Reports  UN HRC 

Shadow Report (1): Privacy in Saudi Arabia and UAE: Espionage and the United Nations

Saudi Arabia’s and the UAE’s involvement in conflicts and civil wars in countries like Yemen and Libya is causing growing alarm among critics as concerns spread about their heavy handed imprint on human rights violations in the Middle East region, said International United Nations Watch in a new report.

Introduction:

Saudi Arabia’s and the UAE’s involvement in conflicts and civil wars in countries like Yemen and Libya is causing growing alarm among critics as concerns spread about their heavy handed imprint on human rights violations in the Middle East region. Across the region but especially in Libya, Yemen and Syria, human rights activists have been victimized and silenced as a result of arrests, assassinations, and torture attributed to these repressive regimes.

 Crimes such as the murder of journalist Jamal Khashogji, were made possible by violating the privacy of human rights defenders in the Middle East through the use of espionage software to gather information about human rights activities critical of these governments in both war-torn countries and domestically. This was accomplished by designing apps to harvest information and data about these human rights activists, their work and their whereabouts which, in many instances, enabled the end users to target and harm them.

An example of this kind of intrusive “spyware” is ToTok, which, according to the New York Times, was developed in the UAE to spy on and collect information about people, including their photos, videos, contact numbers and locations. ToTok was removed from the App Store once the danger it posed to people’s privacy became known.[1] Saudi Arabia purchased Israeli software to spy on human rights foes critical of the Saudi government. Omar Abdilaziz filed a suit before an Israeli court against the Israeli company NSO Spyware Ltd, which reportedly helped Saudi Arabia spy on his friend Jamal Khashogji.  The judge decided to go ahead with the trial and in the end ordered NSO to pay the legal fees for the Omar Abdilaziz.[2]

The UN, but especially UNHRC through UN Special Rapporteur on the right to privacy Joe Cannataci, should question these two governments about their involvement in surveillance activities which threaten people’s right to privacy, in particular human rights defenders whose lives are at risk because of the invasiveness of these apps. It is up to the UN to ensure that human rights defenders are accorded full protection, including the right to privacy given that so many of them are subject to threats by governments with little regard for the concept of human rights.

According to Reuters, A team of former U.S. government intelligence operatives working for the United Arab Emirates hacked into the iPhones of activists, diplomats and rival foreign leaders with the help of a sophisticated spying tool called Karma, in a campaign that shows how potent cyber- weapons are proliferating beyond the world’s superpowers and into the hands of smaller nations. The cyber tool allowed the small Gulf country to monitor hundreds of targets beginning in 2016, from the Emir of Qatar and a senior Turkish official to a Nobel Peace laureate human-rights activist in Yemen, according to five former operatives and program documents reviewed by Reuters. The sources interviewed by Reuters were not Emirati citizens. Karma was used by an offensive cyber operations unit in Abu Dhabi comprised of Emirati security officials and former American intelligence operatives working as contractors for the UAE’s intelligence services.[3]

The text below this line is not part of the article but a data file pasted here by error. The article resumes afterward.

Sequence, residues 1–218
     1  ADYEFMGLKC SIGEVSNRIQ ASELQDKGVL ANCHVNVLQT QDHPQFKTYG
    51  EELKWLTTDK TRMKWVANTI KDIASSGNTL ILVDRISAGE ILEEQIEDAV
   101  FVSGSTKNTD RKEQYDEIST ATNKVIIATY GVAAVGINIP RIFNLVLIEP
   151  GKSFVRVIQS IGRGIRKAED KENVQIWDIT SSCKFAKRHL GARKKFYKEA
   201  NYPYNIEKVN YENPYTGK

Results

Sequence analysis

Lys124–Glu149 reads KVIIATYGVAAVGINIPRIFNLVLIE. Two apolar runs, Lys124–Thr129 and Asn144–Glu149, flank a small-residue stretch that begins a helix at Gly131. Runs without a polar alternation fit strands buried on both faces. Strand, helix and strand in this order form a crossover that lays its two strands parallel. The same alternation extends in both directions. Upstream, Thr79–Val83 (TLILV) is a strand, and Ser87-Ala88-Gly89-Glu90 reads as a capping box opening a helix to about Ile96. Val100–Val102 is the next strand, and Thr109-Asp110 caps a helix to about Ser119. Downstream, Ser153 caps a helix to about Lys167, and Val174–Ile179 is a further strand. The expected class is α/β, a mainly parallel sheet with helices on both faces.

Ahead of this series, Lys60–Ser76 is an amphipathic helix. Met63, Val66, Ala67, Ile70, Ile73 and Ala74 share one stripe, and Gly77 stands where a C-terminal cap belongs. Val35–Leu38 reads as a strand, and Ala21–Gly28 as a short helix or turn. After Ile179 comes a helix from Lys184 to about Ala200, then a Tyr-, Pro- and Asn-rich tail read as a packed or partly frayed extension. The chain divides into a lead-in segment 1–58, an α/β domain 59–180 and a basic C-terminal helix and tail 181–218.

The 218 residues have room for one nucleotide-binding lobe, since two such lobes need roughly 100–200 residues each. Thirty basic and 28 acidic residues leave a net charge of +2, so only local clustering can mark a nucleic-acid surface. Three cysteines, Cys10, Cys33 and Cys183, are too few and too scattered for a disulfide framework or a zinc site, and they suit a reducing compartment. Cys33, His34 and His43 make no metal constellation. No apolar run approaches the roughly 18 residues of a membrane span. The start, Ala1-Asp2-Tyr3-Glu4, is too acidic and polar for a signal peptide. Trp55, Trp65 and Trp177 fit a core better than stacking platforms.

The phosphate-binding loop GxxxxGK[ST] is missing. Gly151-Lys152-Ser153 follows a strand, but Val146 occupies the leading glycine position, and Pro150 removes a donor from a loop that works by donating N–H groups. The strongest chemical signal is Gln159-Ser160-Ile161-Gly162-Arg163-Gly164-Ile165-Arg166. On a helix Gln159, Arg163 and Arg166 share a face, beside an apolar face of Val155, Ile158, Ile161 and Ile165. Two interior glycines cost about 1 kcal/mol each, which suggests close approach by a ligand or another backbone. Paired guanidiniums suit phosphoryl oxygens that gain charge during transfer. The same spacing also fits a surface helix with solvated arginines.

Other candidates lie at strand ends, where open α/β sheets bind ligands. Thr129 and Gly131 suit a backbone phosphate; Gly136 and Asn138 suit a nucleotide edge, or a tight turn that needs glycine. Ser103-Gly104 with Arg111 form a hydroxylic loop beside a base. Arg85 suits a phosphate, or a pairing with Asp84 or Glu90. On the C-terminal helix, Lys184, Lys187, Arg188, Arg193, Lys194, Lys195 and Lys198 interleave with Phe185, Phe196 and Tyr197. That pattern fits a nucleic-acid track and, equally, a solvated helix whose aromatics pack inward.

The UAE has a long and well-documented record of espionage and human rights violations. Human Rights Watch has consistently criticized the country for its record of spying on and attempting to silence people critical of the ruling families, highlighting that the UAE continues to “arbitrarily detain and disappear individuals who criticize authorities”.[4]

To read full shadow report, click here.

[1] Mark Mazzetti, Nicole Perlroth and Ronen Bergman. It Seemed Like a Popular Chat App. It’s Secretly a Spy Tool. The New York Times. New York, 22 December 2019. Accessed on 3 March 2020, available at: https://www.nytimes.com/2019/12/22/us/politics/totok-app-uae.html

[2] Oliver Holmes and Stephanie Kirchgaessner. Israeli spyware firm fails to get hacking case dismissed. The Guardian, London. 16 January 2020. Accessed on 3 March 2020, available at: https://www.theguardian.com/-world/2020/jan/16/israeli-spyware-firm-nso-hacking-case

[3] Christopher Bing, Joel Schectman. Special Report - Inside the UAE’s secret hacking team of U.S. mercenaries. Reuters, Special Reports. 30 January 2019. Available at: https://uk.reuters.com/article/uk-usa-spying-raven-specialreport/special-report-inside-the-uaes-secret-hacking-team-of-u-s-mercenaries-idUKKCN1PO1A6

[4] Helsinki Times. Revealed: Secretive UAE cybersecurity firm with a history of spying on dissidents is operating in Finland. Helsinki Times, Helsinki. Available at: https://www.helsinkitimes.fi/finland/finland-news/domestic/16165-revealed-secretive-uae-cybersecurity-firm-with-a-history-of-spying-on-dissidents-is-operating-in-finland.html